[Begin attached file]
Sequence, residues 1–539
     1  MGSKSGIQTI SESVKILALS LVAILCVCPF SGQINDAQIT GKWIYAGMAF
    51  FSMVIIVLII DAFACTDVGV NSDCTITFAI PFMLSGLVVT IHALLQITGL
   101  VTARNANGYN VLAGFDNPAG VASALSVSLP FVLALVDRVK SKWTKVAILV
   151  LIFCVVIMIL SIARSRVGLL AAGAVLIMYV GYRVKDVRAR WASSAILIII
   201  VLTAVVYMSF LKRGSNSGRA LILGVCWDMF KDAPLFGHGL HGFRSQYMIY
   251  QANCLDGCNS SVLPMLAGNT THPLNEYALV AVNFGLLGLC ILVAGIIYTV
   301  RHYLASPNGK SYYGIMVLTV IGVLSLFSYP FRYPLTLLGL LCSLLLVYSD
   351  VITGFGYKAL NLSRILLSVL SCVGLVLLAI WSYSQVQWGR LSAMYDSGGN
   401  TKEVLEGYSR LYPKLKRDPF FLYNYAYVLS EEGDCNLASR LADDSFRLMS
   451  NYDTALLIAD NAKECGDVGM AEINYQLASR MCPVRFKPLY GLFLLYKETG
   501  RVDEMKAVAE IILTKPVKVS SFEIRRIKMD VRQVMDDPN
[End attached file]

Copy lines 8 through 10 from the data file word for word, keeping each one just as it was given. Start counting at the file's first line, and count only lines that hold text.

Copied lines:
   301  RHYLASPNGK SYYGIMVLTV IGVLSLFSYP FRYPLTLLGL LCSLLLVYSD
   351  VITGFGYKAL NLSRILLSVL SCVGLVLLAI WSYSQVQWGR LSAMYDSGGN
   401  TKEVLEGYSR LYPKLKRDPF FLYNYAYVLS EEGDCNLASR LADDSFRLMS